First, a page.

Cancer Agency* The Saskatchewan Cancer Agency continued pursuant to The Cancer Agency Act.
See subsection 2(c) of HIPA Regulations
Capacity In the context of exercising individual rights afforded by HIPA, means the ability:
- to understand information relevant to making a decision; and
- to appreciate the reasonably foreseeable consequences of making or not making a decision.
Centre of lawful detention A centre where persons are detained when suspected of a crime, awaiting trial or sentencing, found to be an illegal immigrant or youthful offender, or for political reasons. It can also include a centre where persons are in custody under federal or provincial statute.
Circumstance A fact or condition connected with or relevant to an event or action (Oxford English Dictionary)
See subsection 10(g)(ii) of LA FOIP Regulations
See SK IPC Investigation Report 296-2017 at paragraph .
Circle of care A term not found in HIPA, but is a popular term among Saskatchewan trustees. It refers to an analogy where the patient is at the center of the circle. Health care professionals involved in the diagnosis treatment and care of the patient are also in the circle. The IPC prefers the need-to-know principle.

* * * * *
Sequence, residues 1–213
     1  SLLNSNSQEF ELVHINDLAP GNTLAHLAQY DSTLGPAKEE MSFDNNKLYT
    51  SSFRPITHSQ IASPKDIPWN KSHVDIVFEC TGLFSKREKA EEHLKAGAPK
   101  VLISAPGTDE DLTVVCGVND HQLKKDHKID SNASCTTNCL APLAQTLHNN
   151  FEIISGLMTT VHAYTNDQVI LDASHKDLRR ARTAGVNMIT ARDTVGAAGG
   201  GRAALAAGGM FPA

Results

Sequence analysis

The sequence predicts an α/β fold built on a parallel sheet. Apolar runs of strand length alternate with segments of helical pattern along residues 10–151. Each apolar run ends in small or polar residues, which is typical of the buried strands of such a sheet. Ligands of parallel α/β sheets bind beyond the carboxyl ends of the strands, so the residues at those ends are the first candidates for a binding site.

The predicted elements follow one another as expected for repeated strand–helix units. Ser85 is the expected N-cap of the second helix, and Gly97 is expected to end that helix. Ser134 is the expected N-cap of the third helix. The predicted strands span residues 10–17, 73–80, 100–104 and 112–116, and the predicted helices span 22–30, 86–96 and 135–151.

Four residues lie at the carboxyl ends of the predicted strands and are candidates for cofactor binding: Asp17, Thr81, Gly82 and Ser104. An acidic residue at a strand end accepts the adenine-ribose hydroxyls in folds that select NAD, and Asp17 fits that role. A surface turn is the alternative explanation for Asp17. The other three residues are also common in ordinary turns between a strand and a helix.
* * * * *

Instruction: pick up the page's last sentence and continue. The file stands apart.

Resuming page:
See also Need-to-know principle.
Class-based Exemptions apply where the information falls within the class of information described in the exemption and there is no reference to any consequence that might result from the release of the information.
See also Harm-based.
Client* An individual who has received a health service, whether as an in-patient or an out-patient, at a hospital operated by a designated trustee.
See section 7.1 of the HIPA Regulations.
Client information* For the purpose of section 7.1 of the HIPA Regulations, means the name and address of a client, which qualifies as personal health information.
Client list* A list prepared in accordance with subsection 7.1(4) of the HIPA Regulations.
Collect* To gather, obtain access to, acquire, receive or obtain personal health information from any source by any means.
See subsection 2(b) of HIPA.
Collection A term used to describe the action of having gathered, obtained access to, acquired, received or obtained personal information or personal health information.
Commercial information Information relating to the buying, selling or exchange of merchandise or services. This includes third party associations, past history, references, insurance policies and pricing structures, market research, business plans, and customer records.